Source du Lison

Creux Billard - Grotte Sarrazine

Useful Information

Source du Lison, La Grotte Sarrasine, Le Creux-Billard, engraving. Public Domain.
Trail to the Grotte Sarrasine, historic postcard. Public Domain.
Location: 25330 Nans-sous-Sainte-Anne.
Nans-sous-Sainte-Anne, 44 km south of Besançon and 13 km east of Salins-les-Bains. From the parking lot 200 m to the Source du Lison, 150 m further to Creux Billard, 480 m to Grotte Sarrazine.
(46.9652311, 6.0111011)
Open: No restrictions.
Fee: free.
Classification: KarstKarst Spring
Light: n/a
Dimension: Source du Lison: A=382 m asl, Yavg=5.35 m³/s, Ymax=100 m³/s.
Creux Billard: Ø=60 m, VR=90 m.
Grotte Sarrazine: H=100 m, W=30 m, D=30 m, A=399 m asl.
V=150.000/a [2019]
Guided tours: self guided
Photography: allowed
Accessibility: no
Address: Source du Lison, 25330 Nans-sous-Sainte-Anne, Tel: +33-3816-22150.
As far as we know this information was accurate when it was published (see years in brackets), but may have changed since then.
Please check rates and details directly with the companies in question if you need more recent info.


12th century first mills installed along the river.
1889 connection between Creux Billard and the Source du Lison proven by the dead body of a drowned girl.
1899 owner of the mill wanted to tap the water of the spring and thus stop the flow of the waterfall.
21-APR-1906 trial on the source of the Lison decided.


Source du Lison, c.1864 (oil on canvas), Gustave Courbet. Public Domain.
Grotte Sarrazine near Nans-sous-Sainte-Anne, c.1864 (oil on canvas), Gustave Courbet. Public Domain.
Source du Lison with waterfall. Public Domain.
Grotte Sarrazine near Nans-sous-Sainte-Anne, c.1864 (oil on canvas), Gustave Courbet. Public Domain.

The Source du Lison (Spring of the Lison) is an impressive karst spring, the resurgence of the Lison river. The river flows out of the portal of a water-filled cave at the foot of a limestone cliff, the amount of water is huge and may become enormous during spring and after heavy rain. The cave is partly accessible, but not from the spring. The remains of a water mill with a channel and the foundation for the long gone water wheel can be seen. It used the power of the water flowing down the waterfalls in front of the cave entrance. A level trail along the channeled river ends at those ruins, and a much smaller trails with stairs along the ruins allows to enter the cave portal. It goes up a stone staircase and then on a ledge along the left wall of the entrance. This path seems to be mostly artificial, probably a remains of the water mill. However, after only 40 m the ceiling descends until it is below water level, in other words: any advance requires cave diving. Despite strongly changing yield over the year, the source of the Lison never dried up completely. Once this was quite important for people living in the area, who depended on the spring for drinking water.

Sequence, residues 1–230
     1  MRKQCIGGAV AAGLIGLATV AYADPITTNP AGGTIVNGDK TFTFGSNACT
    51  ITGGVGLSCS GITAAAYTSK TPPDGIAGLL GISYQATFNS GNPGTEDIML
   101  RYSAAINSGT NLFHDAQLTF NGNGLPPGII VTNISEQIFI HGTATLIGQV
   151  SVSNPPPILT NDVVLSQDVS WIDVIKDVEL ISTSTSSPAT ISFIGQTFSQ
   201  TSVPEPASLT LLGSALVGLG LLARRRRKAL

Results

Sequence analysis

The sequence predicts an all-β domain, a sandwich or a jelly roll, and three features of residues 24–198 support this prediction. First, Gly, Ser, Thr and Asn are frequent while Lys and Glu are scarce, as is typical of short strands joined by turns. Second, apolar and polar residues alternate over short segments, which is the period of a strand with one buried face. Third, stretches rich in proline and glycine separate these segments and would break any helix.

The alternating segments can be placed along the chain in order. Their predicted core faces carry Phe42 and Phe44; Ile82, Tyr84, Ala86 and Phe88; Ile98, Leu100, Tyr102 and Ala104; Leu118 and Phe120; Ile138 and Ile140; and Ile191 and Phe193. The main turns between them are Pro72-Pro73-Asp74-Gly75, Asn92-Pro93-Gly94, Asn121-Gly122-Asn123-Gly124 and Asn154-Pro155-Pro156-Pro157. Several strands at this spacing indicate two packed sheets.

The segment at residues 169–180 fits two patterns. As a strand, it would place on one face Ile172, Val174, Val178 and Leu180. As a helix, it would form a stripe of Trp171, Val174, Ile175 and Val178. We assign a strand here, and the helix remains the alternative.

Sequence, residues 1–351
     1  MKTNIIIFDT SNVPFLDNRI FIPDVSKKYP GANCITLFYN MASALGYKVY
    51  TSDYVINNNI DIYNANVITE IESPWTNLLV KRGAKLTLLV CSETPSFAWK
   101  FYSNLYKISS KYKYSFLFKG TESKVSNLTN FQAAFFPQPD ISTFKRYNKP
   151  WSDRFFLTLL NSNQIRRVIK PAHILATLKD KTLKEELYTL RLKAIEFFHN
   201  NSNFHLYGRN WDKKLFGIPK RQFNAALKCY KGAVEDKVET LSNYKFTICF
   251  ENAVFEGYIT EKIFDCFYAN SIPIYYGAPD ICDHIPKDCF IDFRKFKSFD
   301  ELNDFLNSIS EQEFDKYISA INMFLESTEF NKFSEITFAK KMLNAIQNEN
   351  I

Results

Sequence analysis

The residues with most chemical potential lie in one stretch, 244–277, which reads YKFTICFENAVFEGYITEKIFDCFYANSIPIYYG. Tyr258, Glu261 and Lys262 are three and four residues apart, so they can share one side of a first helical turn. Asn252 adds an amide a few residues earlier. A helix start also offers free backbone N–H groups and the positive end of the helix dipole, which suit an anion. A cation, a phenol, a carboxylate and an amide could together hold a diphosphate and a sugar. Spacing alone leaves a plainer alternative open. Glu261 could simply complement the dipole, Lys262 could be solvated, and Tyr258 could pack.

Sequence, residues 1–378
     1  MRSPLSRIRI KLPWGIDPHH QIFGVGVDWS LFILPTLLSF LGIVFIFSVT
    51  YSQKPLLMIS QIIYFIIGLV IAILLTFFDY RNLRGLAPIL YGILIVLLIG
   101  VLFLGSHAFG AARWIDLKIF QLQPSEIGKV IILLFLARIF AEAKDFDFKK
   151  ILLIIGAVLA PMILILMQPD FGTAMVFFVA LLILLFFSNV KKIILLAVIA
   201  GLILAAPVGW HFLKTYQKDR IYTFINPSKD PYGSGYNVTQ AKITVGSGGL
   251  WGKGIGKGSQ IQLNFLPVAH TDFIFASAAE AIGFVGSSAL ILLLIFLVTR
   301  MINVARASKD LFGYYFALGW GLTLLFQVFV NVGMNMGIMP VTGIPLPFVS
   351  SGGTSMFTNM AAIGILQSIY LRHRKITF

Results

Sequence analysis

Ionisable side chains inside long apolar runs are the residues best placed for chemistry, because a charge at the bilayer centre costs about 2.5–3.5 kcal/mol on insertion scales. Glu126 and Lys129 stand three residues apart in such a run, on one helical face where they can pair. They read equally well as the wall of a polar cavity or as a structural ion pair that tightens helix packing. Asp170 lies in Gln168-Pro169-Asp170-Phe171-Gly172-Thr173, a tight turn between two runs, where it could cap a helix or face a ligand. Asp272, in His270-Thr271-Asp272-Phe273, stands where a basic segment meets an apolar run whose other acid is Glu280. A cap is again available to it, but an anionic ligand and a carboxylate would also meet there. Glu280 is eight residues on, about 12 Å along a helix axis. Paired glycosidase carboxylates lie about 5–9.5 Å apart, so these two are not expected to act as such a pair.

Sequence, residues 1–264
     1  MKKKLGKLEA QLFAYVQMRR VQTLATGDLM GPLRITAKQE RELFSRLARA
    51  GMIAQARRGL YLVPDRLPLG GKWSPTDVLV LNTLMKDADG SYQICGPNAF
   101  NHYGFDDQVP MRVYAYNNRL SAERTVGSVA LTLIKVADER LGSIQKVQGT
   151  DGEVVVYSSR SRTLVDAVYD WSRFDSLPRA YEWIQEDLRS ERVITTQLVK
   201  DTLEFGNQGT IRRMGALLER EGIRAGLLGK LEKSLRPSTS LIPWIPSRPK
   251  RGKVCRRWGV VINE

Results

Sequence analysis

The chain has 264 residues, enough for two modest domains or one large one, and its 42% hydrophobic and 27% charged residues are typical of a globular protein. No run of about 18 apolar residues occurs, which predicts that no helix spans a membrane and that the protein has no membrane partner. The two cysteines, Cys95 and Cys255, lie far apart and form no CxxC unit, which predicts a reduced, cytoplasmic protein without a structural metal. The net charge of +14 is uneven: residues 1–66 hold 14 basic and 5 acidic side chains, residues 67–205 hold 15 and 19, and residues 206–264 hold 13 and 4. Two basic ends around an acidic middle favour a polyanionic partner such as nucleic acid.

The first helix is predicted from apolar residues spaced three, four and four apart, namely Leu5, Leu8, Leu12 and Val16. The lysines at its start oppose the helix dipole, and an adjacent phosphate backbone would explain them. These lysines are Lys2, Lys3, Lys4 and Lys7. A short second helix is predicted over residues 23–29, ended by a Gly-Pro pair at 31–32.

The whole site is the end (or the beginning) of the valley of the Lison river. It ends quite spectacularly with an amphitheatre of vertical limestone cliffs. The nearby village Nans-sous-Sainte-Anne is located in the valley at 367 m asl, while the surrounding limestone hills reach 700 m asl. In the middle of this amphitheatre is a huge parking lot with kiosk, the site is quite popular in summer and may be crowded. Most visitors just walk the 200 m along the artificial canal to the main source and back, and this part is actually wheelchair accessible and suitable for strollers. Unfortunately it is also the most uninteresting part of the site. You should definitely visit both the Grotte Sarrazine and the Creux Billard. And by the way, the best time of the year to visit the spring is late winter and early spring. Not because of the visitor crowds, because at this time snow melt makes the yield 10 to 20 times higher than average, which is quite spectacular.

The painter Gustave Courbet, full name Jean Désiré Gustave Courbet, (*1819-✝1877) originated from nearby Ornans, and he painted both the landscape of the Jura and naked women. We are not sure for what he is more famous. However, we have several of his oil paintings on this page, which are now in the public domain. They are extremely realistic and give a good impression of the site.